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to think not many people can go from 25st to running a marathon, and Im stupid to believe I might be one of them

(35 Posts)
elisadoeslittle Thu 22-Sep-11 08:48:06

You read about these transformations, where someone has gone from say 25st down to 10st and is now running every day/swimming/eating healthily and basically looking great.

Well. I would love to be one of those people. Im 16st and have always been terrible at sports. I was always picked last on the team at school. And while I can lose weight by dieting (ive been up and down over the years) I just cant exercise without giving up.

AIBU to think that those people who do manage to go from no exercise to running marathons probably are in a very small minority? And that Weight Watcher Magazine probably exaggerates the amount of exercise they do? If anyone here has done it please chirp up because it might will me along!

tiredemma Thu 22-Sep-11 08:54:57

I dont think anyone just goes from doing nowt to doing a marathon.

I never exercised but two years ago I started getting really fed up with my weight- I wasnt massively overweight but I am only 4'11" and I looked frumpy, clothes looked awful.

I decided to go out for a run one day and almost killed myself, I was so unfit and just thought I could run and beast myself. No surprises that I gave up after just one day. Then I came on here and saw people raving about 'couch to 5k' so I thought I would give it another go.

On the first day I took my boys with me and they left me for dead. I couldnt even run for a minute. However I knew from looking at the plan and reading stories on here that it was achieveable.

Within 6 weeks I was regularly running 5k twice a week.

I now run 10k - its an effort but I no longer run feeling as if I am going to collapse- and I feel amazing at the end of it.

Have just applied to do the Brighton HAlf Marathon in Feb.

two years ago I would never have thought that I could do this.

At my heaviest I was 10st 5lb. Today I weigh 8st 5lb.

You CAN do it. It is POSSIBLE. But you have to put some effort in! Good Luck.

lesley33 Thu 22-Sep-11 08:56:44

Yes I think it is a minority. But tbh there is no reason why you can't exercise at 16 stone. I went from 15 stone and doing no exercise to losing over 2 stone - still losing - and doing exercise 3 times a week. Also eating lots of sweets/cakes, to very rarely eating those. Have been doing this for 18 months.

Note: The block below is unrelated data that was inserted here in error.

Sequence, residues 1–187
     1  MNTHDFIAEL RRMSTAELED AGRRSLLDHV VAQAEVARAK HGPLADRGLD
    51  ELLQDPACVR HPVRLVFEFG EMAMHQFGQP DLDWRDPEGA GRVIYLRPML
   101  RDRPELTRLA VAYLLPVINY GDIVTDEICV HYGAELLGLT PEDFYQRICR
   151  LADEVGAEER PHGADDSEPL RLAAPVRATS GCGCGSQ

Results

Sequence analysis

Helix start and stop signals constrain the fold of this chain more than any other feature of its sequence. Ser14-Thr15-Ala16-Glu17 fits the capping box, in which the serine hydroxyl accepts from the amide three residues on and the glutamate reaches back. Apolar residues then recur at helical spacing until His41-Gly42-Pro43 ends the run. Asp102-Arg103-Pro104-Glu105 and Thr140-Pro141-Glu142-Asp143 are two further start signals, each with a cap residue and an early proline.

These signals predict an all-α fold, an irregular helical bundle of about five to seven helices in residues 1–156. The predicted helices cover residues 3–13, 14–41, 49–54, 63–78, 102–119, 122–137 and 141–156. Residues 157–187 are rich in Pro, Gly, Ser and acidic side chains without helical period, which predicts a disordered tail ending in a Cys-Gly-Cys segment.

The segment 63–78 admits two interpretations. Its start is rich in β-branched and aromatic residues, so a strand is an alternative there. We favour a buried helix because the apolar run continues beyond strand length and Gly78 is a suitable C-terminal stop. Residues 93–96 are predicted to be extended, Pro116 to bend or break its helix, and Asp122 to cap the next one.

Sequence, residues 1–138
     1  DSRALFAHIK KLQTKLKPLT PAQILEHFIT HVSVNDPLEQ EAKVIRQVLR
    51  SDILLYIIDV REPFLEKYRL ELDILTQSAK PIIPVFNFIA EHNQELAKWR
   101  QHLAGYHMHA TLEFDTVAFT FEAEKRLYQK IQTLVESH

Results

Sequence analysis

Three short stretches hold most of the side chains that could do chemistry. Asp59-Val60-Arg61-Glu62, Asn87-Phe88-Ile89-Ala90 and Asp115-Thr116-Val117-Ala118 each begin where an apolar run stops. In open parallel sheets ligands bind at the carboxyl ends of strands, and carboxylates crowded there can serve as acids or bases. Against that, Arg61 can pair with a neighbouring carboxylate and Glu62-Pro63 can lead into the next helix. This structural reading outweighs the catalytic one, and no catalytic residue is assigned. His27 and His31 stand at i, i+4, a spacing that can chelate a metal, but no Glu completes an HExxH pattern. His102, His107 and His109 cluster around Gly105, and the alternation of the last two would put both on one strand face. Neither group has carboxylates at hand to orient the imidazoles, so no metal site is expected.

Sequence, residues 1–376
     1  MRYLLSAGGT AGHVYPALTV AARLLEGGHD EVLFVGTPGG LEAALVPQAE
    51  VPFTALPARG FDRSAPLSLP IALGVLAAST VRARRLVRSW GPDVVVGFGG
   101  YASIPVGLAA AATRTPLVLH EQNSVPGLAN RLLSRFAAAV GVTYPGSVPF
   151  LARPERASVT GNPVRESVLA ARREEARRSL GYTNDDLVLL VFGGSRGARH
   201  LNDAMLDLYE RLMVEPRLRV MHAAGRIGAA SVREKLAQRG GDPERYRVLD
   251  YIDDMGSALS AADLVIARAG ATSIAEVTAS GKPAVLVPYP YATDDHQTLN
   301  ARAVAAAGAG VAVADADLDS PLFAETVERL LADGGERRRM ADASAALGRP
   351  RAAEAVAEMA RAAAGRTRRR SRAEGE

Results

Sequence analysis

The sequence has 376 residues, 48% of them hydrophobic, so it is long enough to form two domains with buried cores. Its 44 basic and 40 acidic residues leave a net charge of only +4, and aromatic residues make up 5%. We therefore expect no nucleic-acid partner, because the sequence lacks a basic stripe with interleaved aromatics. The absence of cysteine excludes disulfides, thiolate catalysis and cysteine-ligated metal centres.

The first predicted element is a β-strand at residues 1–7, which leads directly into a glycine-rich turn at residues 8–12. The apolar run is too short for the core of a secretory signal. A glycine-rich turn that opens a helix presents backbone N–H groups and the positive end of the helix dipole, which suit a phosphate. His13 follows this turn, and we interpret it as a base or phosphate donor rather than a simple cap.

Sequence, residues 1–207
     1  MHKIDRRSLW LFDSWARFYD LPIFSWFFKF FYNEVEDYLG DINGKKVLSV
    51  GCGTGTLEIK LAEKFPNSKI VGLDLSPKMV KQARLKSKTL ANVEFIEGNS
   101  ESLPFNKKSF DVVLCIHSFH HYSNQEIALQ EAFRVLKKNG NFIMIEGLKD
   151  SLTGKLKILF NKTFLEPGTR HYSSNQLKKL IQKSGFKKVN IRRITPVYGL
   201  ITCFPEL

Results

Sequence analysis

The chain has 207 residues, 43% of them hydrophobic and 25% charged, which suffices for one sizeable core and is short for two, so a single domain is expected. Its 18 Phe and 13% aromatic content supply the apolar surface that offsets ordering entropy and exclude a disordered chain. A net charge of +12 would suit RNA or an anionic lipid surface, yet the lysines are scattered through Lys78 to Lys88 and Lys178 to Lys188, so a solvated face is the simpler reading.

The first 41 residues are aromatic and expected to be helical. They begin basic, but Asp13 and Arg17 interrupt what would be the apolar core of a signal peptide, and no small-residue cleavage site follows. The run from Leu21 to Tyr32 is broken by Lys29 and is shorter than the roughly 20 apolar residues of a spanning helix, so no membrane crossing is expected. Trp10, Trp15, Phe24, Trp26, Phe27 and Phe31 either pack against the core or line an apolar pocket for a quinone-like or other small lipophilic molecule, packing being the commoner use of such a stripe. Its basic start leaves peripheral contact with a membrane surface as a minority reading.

The secret is to find something you enjoy. Doesn't have to be sports - could be dance classes, line dancing, zumba, regular long walks, etc. You won't keep it up if you hate the exercise you are doing.

I find I enjoy it more if I doing exercise in a group where people are friendly. I started at the gym but struggled to keep it up. But I look forward to my dance classes now and I really love it - and it is very hard work. Also now regularly walk a dog for an elderly neighbour which all helps.

One thing that helped me was hypnotism. What really helped with it was the hypnotist looked at the reasons I overate and ate crap and it ewas all emotional and tied to my child hood. That made an enormous difference. So I'mnot actually on a diet, but I have changed drastically my attitudes to food.

elisadoeslittle Thu 22-Sep-11 08:57:12

Really? Thats cheered me right up. Thankyou and well done smile

lubeybooby Thu 22-Sep-11 08:58:14

Anyone can do it if they put the work in, slowly building up training up to 5k, 10k etc and beyond. Combining that with sensible healthy eating would bring good results. I do plan to do similar myself, but not aiming for a marathon straight away, I just want to get good/fit enough to join the local running club without being embarassingly bad! Maybe one year beyond that first goal though....

tiredemma Thu 22-Sep-11 09:04:41

As lubey says, its about slowly building up.

Read a Low GI food plan book- dont follow it as gospel but take some ideas-
For example- only eat wholewheat bread- steer clear of white.